Of course, we think the Fuel Cells 2000 website (www.fuelcells.org) is wonderful, but we must admit that there are some other great fuel cell web resources that we use often, or refer others to when they contact us with questions. We thought it would be nice to post some of the outstanding fuel cell-related sites that we reference. Be sure to check them out!
The Department of Energy (DOE) Fuel Cell Technologies Program website (http://www1.eere.energy.gov/hydrogenandfuelcells) highlights the program’s activities to reduce barriers to the development and deployment of fuel cells. It hosts a lot of information about fuel cells and hydrogen, as well as the overall industry – you can reference reports, view conference and meeting presentations, view webinars, and subscribe to the program’s newsletter. Be sure to look for the Fuel Cells 2000/Breakthrough Technologies Institute reports posted on the Technical Publications page (our annual Business Case for Fuel Cells and State of the States reports, as well as the 2008, 2009, 2010, and 2011 Fuel Cell Technologies Market Reports).
National Renewable Energy Laboratory (NREL) Hydrogen and Fuel Cell Bus Evaluations (http://www.nrel.gov/hydrogen/proj_fc_bus_eval.html). This site follows the Federal Transit Administration (FTA) and DOE-funded fuel cell bus evaluations in the U.S. There’s a great chart summarizing ongoing and future fuel cell bus deployments and Excel spreadsheets that track U.S. and worldwide fuel cell bus deployments. In addition, NREL has written several dozen evaluation reports detailing the fuel cell bus demonstrations at U.S. transit agencies.
DOD H2 (http://www.dlafuelcells.org) is the website of the Defense Logistics Agency (DLA) fuel cell program. DLA, the military’s logistics combat support agency, along with the Department of Energy and Military Services, has been demonstrating fuel cells at four sites – to power forklifts, extended range vehicles, and a fuel cell bus. This site highlights the projects taking place at four different military installations.
California Fuel Cell Partnership (www.cafcp.org) is a collaboration auto manufacturers, energy providers, government agencies and fuel cell technology companies that work together to promote the commercialization of hydrogen fuel cell vehicles. Their site has a ton of info on fuel cell cars and buses, and hydrogen fueling stations. We often reference their station map (http://cafcp.org/stationmap) that shows the 36 existing and planned hydrogen stations in the state. Also worth a look is the California Road Map (http://cafcp.org/carsandbuses/caroadmap) which describes the infrastructure needed to launch the commercial FCEV market in the state.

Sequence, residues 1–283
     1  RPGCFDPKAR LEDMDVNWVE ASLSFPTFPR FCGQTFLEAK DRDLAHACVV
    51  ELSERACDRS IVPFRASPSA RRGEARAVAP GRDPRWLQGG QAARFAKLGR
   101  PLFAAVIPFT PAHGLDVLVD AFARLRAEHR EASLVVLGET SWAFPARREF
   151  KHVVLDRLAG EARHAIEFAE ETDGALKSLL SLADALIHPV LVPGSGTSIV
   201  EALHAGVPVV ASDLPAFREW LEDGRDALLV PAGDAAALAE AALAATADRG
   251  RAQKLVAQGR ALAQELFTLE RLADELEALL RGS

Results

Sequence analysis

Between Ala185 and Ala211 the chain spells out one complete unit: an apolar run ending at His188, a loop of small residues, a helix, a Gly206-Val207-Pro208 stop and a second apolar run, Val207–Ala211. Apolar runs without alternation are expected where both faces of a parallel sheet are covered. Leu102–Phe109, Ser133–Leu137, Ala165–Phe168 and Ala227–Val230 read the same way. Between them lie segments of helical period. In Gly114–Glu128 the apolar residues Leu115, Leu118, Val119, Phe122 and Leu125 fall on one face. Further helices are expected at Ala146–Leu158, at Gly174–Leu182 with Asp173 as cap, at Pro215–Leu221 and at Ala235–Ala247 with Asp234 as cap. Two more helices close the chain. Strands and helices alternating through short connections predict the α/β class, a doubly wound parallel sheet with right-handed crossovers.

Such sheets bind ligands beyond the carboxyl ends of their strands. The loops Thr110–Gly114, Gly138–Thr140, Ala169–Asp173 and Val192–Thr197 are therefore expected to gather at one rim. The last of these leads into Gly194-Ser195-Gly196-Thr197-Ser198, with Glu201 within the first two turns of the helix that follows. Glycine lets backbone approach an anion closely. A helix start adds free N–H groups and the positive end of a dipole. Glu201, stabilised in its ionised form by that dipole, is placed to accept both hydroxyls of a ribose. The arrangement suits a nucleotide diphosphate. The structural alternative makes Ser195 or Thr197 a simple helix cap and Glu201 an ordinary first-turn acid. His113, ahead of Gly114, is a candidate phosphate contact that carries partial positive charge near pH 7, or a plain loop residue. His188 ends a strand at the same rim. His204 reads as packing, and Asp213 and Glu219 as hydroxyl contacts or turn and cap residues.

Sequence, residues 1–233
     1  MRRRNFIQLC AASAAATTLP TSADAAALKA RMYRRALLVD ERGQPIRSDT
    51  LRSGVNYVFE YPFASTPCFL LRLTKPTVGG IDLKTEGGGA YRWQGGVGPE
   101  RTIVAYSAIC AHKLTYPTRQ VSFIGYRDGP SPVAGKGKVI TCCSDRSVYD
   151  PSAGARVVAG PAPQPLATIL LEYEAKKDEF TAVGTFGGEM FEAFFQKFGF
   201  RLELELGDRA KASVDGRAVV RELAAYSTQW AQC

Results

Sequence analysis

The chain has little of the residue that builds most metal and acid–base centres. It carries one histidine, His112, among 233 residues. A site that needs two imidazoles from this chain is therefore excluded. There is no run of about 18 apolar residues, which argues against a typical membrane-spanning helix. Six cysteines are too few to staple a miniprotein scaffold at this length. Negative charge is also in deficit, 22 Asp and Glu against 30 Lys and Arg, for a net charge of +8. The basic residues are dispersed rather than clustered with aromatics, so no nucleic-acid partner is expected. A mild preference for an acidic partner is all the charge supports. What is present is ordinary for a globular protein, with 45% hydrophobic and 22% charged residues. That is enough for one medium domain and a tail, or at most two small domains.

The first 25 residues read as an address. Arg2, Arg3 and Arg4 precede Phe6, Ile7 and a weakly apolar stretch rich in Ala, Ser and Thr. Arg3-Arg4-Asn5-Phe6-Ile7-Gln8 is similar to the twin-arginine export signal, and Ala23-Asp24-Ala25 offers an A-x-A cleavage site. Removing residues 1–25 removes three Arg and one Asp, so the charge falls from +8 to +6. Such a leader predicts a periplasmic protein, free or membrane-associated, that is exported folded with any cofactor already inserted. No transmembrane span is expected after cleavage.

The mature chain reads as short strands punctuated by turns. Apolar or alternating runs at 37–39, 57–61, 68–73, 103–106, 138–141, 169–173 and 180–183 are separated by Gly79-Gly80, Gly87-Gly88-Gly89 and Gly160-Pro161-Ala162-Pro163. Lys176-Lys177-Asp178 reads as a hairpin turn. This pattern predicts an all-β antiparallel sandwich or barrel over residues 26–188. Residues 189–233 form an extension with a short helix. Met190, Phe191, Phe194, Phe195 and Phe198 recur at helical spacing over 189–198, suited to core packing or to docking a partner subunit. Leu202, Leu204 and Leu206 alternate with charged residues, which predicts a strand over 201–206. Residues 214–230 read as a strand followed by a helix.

California Stationary Fuel Cell Collaborative (http://www.casfcc.org) is facilitating the deployment of stationary fuel cells in California. There is lots of useful information on this site, particularly the California station fuel cell installations map. (http://www.casfcc.org/STATIONARY_FC_MAP/default.aspx).
Fuel Cell and Hydrogen Energy Association (FCHEA) (www.fchea.org), the industry’s trade association, has lots of info on fuel cell-related policies and regulations, technical reports, and a host of other outreach materials.
The and HyFLEET:CUTE (Clean Urban Transport for Europe) website (http://www.global-hydrogen-bus-platform.com) highlights the operation of 47 hydrogen-powered buses in regular public transport service in 10 cities on three continents (supported by the European Commission). Lots of images, presentations, and reports to download.
Germany’s National Hydrogen and Fuel Cell Technology Innovation Programme (NIP) website (http://www.bmvbs.de/SharedDocs/EN/Artikel/UI/UI-MKS/national-hydrogen-and-fuel-cell-technology-innovation-programme-nip.html?nn=37150) discusses Germany’s goals related to fuel cell and hydrogen technologies. The site has links to fuel cell and hydrogen programs, such as the Clean Energy Partnership (CEP) and HySolutions Hamburg. Be sure to view the CEP’s clever fuel cell vehicle video (http://www.cleanenergypartnership.de/en/news/news-detail/artikel//a-blonde-comes-into-the-library/86).
Fuel Cell Store (www.fuelcellstore.com). When people are looking for instructional fuel cell kits, we send them to this site. It’s a great place to buy fun fuel cell toy cars, as well as other fuel cell-related products and parts.
The Scandinavian Hydrogen Highway Partnership (http://www.scandinavianhydrogen.org) website shows the plans to develop a multi-national hydrogen highway that will pass through Norway, Sweden, and Denmark. This site also has an interactive map showing the existing and planned hydrogen stations (http://www.scandinavianhydrogen.org/h2-stations).
H2 Stations Worldwide (http://www.netinform.net/h2/H2Stations/Default.aspx) also has a map-driven database listing fuel cell stations across the globe.
Finally, we frequently referenced the Department of Defense (DOD) Fuel Cell website, but unfortunately it seems to have been taken down. The site offered overviews of the Department of Defense stationary fuel cell programs, including the completed PAFC, residential PEM, and Climate Change fuel cell programs, complete with detailed reports for many of the sites. It also had a page for the DOD’s ongoing PEM backup power program. Let’s hope the site is being updated (the address was http://dodfuelcell.cecer.army.mil). We’ll keep an eye out for its return.